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34 Sun Ordinary Time -Christ the King -Year A

16 November, 2020

 –  22-11-2020- The Feast of Christ the King of the Universe – 34th Sun.Yr A Gospel text: Matthew 25:31-46 vs.31  Jesus said to his disciples: “When the Son of Man comes in his glory, escorted by all the angels, then he will take his seat on his throne of glory. vs.32  All the nations will […]

 –  22-11-2020-

The Feast of Christ the King of the Universe
– 34th Sun.Yr A

Gospel text: Matthew 25:31-46
vs.31  Jesus said to his disciples: “When the Son of Man comes in his glory, escorted by all the angels, then he will take his seat on his throne of glory.
vs.32  All the nations will be assembled before him and he will separate men one from another as the shepherd separates sheep from goats.
vs.33  He will place the sheep on his right and the goats on his left.
vs.34  Then the King will say to those on his right hand, ‘Come, you whom my Father has blessed, take for your heritage the kingdom prepared for you since the foundation of the world.
vs.35  For I was hungry and you gave me food; I was thirsty and you gave me drink; I was a stranger and you made me welcome;
vs.36  naked and you clothed me, sick and you visited me, in prison and you came to see me.’
vs.37  Then the virtuous will say to him in reply, ‘Lord, when did we see you hungry and feed you; or thirsty and give you drink?
vs.38  When did we see you a stranger and make you welcome; naked and clothe you;
vs.39  sick or in prison and go to see you?’Last Jvs.40  And the King will answer, ‘I tell you solemnly, in so far as you did this to one of the least of these brothers of mine, you did it to me.’
vs.41  Next he will say to those on his left hand, ‘Go away from me, with your curse upon you, to the eternal fire prepared for the devil and his angels.
vs.42  For I was hungry and you never gave me food; I was thirsty and you never gave me anything to drink;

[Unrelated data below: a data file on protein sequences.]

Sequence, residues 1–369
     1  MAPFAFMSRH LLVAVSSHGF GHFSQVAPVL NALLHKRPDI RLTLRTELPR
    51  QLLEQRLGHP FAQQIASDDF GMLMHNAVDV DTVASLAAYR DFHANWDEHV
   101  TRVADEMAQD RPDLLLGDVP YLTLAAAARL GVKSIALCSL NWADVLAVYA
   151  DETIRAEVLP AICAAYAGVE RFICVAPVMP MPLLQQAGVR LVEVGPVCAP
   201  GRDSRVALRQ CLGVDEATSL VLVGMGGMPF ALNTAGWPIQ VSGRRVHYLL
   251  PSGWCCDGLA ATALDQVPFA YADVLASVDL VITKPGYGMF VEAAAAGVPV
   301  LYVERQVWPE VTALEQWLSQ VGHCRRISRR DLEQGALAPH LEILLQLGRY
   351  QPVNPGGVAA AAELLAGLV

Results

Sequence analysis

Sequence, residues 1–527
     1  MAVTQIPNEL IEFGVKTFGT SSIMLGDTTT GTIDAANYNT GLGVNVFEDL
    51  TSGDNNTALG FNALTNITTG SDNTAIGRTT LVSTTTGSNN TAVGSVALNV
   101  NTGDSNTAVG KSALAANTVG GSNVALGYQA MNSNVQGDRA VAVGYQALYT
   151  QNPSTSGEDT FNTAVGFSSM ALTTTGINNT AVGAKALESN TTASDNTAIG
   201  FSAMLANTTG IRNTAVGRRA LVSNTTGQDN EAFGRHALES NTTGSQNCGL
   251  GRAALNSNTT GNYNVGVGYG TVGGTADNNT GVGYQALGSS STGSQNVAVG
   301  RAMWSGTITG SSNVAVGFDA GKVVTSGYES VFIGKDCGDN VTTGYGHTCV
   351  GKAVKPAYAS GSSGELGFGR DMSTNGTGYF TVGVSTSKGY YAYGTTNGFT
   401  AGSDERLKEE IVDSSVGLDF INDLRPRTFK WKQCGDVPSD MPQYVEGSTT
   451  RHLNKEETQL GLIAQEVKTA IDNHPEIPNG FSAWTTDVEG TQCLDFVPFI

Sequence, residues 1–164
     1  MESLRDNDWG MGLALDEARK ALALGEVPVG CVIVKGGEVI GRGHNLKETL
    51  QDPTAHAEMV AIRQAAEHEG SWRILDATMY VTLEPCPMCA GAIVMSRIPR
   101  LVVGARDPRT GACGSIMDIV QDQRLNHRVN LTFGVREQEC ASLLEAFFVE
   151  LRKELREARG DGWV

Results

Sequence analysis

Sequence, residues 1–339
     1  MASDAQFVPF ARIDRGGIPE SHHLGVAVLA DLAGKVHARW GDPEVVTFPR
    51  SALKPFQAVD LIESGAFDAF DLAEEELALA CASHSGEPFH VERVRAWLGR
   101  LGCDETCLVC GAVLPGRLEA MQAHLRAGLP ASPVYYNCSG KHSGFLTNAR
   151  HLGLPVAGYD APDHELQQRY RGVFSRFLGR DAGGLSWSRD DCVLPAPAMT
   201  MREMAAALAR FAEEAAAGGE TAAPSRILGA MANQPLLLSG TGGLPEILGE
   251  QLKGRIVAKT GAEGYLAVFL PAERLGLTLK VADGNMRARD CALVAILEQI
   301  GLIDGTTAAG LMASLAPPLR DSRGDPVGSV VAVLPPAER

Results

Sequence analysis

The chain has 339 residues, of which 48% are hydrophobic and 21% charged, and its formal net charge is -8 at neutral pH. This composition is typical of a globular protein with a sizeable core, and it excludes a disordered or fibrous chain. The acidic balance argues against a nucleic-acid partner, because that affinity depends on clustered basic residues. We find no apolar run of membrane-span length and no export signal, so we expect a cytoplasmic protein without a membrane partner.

vs.43  I was a stranger and you never made me welcome, naked and you never clothed me, sick and in    prison and you never visited me.’
vs.44  Then it will be their turn to ask, ‘Lord, when did we see you hungry or thirsty, a stranger or naked, sick or in prison, and did not come to your help?’
vs.45  Then he will answer, ‘I tell you solemnly, in so far as you neglected to do this to one of the least of these, you neglected to do it to me.’
vs.46 And they will go away to eternal punishment, and the virtuous to eternal life.”

(Picture above right: Michelangelo’s The Last Judgement in the Sistine Chapel, The Vatican, Rome)

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We have four commentators available from whom you may wish to choose . Scroll down to the required author.

Michel DeVerteuil:       Lectio Divina with the Sunday Gospels – Year A

Thomas O’Loughlin:    Liturgical Resources for the year of Matthew

John Littleton :              Journeying through the Year of Matthew

Donal Neary :                 Editor of the Messenger

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Michel DeVerteuil
Lectio Divina with the Sunday Gospels- Year A
www.columba.ie

General Comments

For today’s feast of Christ the King, the Church chose a gospel passage which is the final teaching of Jesus’ public life according to St Matthew; it therefore completes the lectionary’s “continuous reading” for the year. Meditating on this passage in the light of the feast requires two clarifications.